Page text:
FCA compliance requirements
Now the excitement of obtaining FCA authorisation has passed for a lot of the sector, the next challenge for many is grappling with the new FCA annual reporting requirements. Given the changes to the FCA's regime for treatment of secured lending by housing associations that came into effect last year, for many this now carries the additional challenge of reporting under a full authorisation permission.
The FCA takes a proportionate approach to regulation, meaning that they concentrate resources on the greatest potential risks. This means that firms with limited permission can expect less intrusive supervision than firms with full permission and firms with consumer credit related income of less than £5m need report less frequently than firms with income in excess of this amount.
Reporting is done through the FCA's GABRIEL (Gathering Better Regulatory Information Electronically) system. GABRIEL uses the information it has about a firm to decide which reports they need to submit. Unsurprisingly, reporting is mandatory, and firms that do not complete their reporting requirements by the due date must pay an administrative fee of £250. If a firm does not pay this, the FCA may take enforcement action which may result in the firm losing its authorisation.
The FCA's Principles for Business require that all firms deal with the FCA and (in the case of housing associations) the HCA in an open and co-operative way and firms must disclose anything which a regulator might reasonably expect to want to know. There is no definite rule as to what information needs to be disclosed under this principle, but the relevant section of the FCA's Handbook states that any matters having a serious regulatory impact, civil, criminal or disciplinary hearings, fraud, breaches of consumer credit legislation and insolvency proceedings should be reported.
Aside from standard GABRIEL reporting, firms need to let the FCA know each time they might wish to make changes to their contact details, to the approved person who oversees the regulated activities, to the regulated activities themselves, or if their firm undergoes a change of control or change of legal status. In relation to mergers and amalgamations, it is worth noting that while in other respects the FCA will treat a newly merged body as a successor of its predecessors, it takes a slightly different approach when it comes to consumer credit. The FCA effectively treats the merged body as a brand new organisation for consumer credit purposes, meaning that upon merger or amalgamation a firm's existing permissions will not transfer to the amalgamated body and a new application for authorisation will need to be submitted.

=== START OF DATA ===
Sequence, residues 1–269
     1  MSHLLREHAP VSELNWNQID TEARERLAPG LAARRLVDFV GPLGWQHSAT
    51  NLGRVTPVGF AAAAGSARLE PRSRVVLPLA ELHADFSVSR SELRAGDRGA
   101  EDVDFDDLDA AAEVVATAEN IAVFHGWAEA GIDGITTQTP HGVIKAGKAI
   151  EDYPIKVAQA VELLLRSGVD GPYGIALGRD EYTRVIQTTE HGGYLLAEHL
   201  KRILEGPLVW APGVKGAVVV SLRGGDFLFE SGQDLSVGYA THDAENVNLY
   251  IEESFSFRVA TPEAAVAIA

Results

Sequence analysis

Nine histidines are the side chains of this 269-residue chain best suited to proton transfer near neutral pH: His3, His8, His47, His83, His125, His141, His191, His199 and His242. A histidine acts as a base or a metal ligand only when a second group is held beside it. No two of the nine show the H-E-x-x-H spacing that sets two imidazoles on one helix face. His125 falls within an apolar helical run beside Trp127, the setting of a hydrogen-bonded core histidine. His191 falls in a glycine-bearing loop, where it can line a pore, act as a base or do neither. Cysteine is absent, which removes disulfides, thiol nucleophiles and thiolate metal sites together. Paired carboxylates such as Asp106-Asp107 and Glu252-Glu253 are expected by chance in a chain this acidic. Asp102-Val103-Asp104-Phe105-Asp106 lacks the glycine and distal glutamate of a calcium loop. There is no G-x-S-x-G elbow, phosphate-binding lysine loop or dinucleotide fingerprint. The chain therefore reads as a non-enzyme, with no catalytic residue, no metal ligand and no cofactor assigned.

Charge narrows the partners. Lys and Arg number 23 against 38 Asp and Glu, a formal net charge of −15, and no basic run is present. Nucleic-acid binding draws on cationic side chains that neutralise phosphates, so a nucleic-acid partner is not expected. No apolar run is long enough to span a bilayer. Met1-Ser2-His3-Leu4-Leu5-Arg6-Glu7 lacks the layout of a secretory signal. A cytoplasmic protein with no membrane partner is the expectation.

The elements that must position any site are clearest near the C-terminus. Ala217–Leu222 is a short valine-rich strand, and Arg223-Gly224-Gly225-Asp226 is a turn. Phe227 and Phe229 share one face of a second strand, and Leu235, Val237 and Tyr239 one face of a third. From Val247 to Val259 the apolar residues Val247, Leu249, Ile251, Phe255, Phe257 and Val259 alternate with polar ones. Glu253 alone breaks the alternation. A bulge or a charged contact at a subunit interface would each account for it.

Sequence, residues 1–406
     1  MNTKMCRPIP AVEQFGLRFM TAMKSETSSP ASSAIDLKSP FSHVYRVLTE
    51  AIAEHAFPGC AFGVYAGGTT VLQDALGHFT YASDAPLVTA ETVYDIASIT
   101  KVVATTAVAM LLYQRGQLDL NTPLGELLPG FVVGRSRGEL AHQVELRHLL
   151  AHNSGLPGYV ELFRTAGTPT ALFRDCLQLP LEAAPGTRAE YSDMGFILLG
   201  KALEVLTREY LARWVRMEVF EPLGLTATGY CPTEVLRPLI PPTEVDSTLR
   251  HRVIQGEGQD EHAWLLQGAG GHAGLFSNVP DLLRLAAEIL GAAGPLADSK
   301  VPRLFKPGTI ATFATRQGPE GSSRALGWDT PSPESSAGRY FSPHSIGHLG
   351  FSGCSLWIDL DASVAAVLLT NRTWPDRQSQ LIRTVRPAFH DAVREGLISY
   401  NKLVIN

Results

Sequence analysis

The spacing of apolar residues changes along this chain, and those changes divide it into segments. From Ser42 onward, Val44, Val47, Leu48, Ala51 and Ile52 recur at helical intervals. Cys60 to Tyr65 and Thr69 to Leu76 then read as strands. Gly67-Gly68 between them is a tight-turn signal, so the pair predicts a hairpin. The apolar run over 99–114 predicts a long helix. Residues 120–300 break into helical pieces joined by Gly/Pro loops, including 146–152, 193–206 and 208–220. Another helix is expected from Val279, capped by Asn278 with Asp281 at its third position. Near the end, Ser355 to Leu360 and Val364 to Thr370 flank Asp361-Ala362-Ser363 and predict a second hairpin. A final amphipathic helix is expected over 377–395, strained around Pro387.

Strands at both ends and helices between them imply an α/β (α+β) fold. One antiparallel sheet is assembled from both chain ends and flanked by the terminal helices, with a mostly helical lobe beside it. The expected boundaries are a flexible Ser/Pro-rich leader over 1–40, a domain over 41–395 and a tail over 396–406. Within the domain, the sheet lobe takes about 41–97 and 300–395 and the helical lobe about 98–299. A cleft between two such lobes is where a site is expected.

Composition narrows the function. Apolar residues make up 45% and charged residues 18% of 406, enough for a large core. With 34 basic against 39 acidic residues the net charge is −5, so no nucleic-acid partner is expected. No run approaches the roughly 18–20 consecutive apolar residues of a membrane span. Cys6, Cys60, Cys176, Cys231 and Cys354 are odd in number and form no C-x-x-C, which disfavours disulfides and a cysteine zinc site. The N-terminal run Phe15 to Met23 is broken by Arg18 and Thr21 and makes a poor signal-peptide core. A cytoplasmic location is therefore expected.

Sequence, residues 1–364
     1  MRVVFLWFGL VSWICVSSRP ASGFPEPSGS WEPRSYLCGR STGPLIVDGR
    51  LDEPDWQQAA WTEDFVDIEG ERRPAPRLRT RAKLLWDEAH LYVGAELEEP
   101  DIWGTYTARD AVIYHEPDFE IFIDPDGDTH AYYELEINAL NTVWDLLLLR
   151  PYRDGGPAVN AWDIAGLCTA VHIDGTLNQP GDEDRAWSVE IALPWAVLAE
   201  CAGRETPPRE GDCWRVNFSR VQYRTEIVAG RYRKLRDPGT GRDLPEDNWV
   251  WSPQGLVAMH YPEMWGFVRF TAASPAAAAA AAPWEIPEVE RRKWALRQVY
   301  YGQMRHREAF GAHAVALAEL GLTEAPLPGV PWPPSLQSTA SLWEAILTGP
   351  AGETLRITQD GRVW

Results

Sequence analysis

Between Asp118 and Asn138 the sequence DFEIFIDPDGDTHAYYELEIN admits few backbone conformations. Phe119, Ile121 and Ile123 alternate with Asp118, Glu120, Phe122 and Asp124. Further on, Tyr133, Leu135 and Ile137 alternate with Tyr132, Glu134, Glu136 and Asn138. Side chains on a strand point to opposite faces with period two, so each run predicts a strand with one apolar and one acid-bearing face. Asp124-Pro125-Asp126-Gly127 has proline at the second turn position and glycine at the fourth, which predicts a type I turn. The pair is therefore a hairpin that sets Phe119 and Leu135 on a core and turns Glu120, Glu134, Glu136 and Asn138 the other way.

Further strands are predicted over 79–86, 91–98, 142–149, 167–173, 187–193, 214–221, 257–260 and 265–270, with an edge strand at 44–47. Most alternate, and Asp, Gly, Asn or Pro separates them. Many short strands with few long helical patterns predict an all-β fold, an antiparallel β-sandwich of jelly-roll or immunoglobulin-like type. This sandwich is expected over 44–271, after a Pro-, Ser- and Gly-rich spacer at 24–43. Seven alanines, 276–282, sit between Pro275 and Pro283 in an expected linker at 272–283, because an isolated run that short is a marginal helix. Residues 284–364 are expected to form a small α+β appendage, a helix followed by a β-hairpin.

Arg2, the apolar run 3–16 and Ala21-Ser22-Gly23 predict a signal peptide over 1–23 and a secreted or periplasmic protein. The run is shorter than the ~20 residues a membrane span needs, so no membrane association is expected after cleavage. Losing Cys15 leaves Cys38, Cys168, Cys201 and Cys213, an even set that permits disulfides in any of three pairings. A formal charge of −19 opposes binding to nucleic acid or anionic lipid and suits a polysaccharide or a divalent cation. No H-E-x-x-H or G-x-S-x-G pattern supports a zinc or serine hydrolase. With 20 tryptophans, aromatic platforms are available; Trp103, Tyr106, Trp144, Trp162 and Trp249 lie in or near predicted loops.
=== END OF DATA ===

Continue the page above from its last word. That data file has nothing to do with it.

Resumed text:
Regulated firms must also deal with any complaints they receive fairly and promptly. Firms are subject to the compulsory jurisdiction of the Financial Ombudsman Service (FOS) to whom customers have a right to refer any consumer credit complaint. Firms must publish details of their internal procedures for the reasonable and prompt handling of complaints. If complaints are received, they must be investigated promptly, competently, diligently and impartially within defined timeframes and in a prescribed manner. If a complaint is reported to the FOS, firms must co-operate with it in resolving that complaint. Firms with limited permission need to inform the FCA of the number of complaints received, while firms with full permission must report the number of complaints received, when they were dealt with, the amount of any compensation paid, the number of outstanding complaints and the number of complaints which were not upheld.